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Your insertion sites are red. You wonder if you did something wrong during site preparation or insertion, and you wonder what you should you do about it now and do differently next time.
First of all, change the site to a different location, and be sure always to do careful cleaning and site preparation.
Where do the infection-causing bacteria come from? Typical sources include your hands, the skin at the insertion site, and your own breath. Other organisms can make contact with insertion set equipment from countertops and any other surface areas.
What Are the Signs and Symptoms of Infection?
Symptoms of serious infections include difficulty breathing, malaise, fever or chills.
A minor infection may appear as a small red, tender area at the needle or cannula insertion site. It may clear with daily soap and water cleansing and a topical antibiotic recommended by your physician.
A more serious infection could lead to an abscess or cellulitis. Fungus infections also can develop when sites have been maintained for longer than the recommended duration.
An abscess is a “pocket” of infection that forms at the site of insertion (injury). It is usually filled with pus. The red, painful and swollen skin surrounding the abscess feels warm to the touch, and it may feel as if there is a lump under the skin. An abscess often requires incision and drainage of the infected site, and some infections require treatment with antibiotics. Warm, moist compresses applied to the area will likely be recommended. Insertion sites in the infected area must be avoided for several days or weeks.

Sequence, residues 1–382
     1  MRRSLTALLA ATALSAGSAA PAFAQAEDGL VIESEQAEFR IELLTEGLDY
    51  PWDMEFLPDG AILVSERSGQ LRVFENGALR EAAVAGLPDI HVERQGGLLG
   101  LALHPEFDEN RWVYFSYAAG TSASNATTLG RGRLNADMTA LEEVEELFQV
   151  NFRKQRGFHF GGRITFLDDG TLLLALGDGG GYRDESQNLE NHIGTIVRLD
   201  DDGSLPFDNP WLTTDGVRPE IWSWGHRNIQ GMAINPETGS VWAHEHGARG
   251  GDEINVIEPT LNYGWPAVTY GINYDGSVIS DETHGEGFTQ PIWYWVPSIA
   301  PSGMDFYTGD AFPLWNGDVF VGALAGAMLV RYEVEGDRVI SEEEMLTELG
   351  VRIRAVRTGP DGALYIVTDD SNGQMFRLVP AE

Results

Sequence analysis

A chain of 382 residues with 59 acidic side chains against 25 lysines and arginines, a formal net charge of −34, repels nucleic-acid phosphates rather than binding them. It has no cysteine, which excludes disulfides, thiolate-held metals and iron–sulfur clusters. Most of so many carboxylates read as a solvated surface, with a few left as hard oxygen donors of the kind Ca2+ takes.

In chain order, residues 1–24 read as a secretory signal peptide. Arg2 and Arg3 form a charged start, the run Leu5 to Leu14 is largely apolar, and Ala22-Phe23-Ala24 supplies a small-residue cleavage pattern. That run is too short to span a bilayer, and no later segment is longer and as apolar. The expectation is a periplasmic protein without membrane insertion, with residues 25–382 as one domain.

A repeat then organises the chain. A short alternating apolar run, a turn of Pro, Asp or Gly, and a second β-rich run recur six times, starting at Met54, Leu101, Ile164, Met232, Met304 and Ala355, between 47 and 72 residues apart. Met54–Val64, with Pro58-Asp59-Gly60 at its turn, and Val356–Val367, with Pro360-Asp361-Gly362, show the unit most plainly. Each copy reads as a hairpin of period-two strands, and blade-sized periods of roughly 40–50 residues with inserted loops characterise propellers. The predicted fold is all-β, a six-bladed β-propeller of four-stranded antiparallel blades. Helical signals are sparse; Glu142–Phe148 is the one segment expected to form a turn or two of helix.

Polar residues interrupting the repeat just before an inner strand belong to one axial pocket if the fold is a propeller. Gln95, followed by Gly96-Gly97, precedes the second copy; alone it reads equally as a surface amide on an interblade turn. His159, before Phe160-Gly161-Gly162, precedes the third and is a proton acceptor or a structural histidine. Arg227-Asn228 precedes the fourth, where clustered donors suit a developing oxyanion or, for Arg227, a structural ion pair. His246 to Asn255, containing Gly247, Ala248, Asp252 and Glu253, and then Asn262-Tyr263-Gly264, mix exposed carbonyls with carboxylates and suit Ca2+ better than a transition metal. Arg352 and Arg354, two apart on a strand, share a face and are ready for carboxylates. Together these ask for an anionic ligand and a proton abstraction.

Cellulitis is an infection of the underlying layers of the skin, usually involving a greater area of inflammation than an abscess. There may or may not be a lump under the reddened area.
Staphylococcus aureus is the most common bacteria to cause site infections, but other organisms can also cause serious infections such as bacteremia (bloodstream infection). If you are a “carrier” of S. aureus, you should consider wearing a mask to cover your mouth and nose during site preparation and insertion.
Remember, always use proper hygiene, follow good practices for site prep and insertion and be on the lookout for any signs of trouble. When it comes to site infections, like so many things, prevention is the best medicine.
Tips for Preventing Infection
Careful preparation of insertion sites should include washing hands thoroughly with soap and warm water and using antiseptic cleansing solution for the skin.
Placing a sterile protective barrier over the cleaned site before set insertion is sometimes recommended.
Skin cleansing products include IV Prep, Betadine solutions or Hibiclens. A two- to three-inch area around the intended insertion site should be cleaned and allowed to dry.
Avoid touching any part of any equipment that will touch or enter the skin: the needle or cannula tip, the end of the cartridge or reservoir, infusion set connections or the cleaned top of the insulin bottle.
Carefully follow the directions for set insertions and site rotations recommended by your pump trainer, physician or pump manufacturer.
Mar 1, 2005
Diabetes Health is the essential resource for people living with diabetes- both newly diagnosed and experienced as well as the professionals who care for them. We provide balanced expert news and information on living healthfully with diabetes. Each issue includes cutting-edge editorial coverage of new products, research, treatment options, and meaningful lifestyle issues.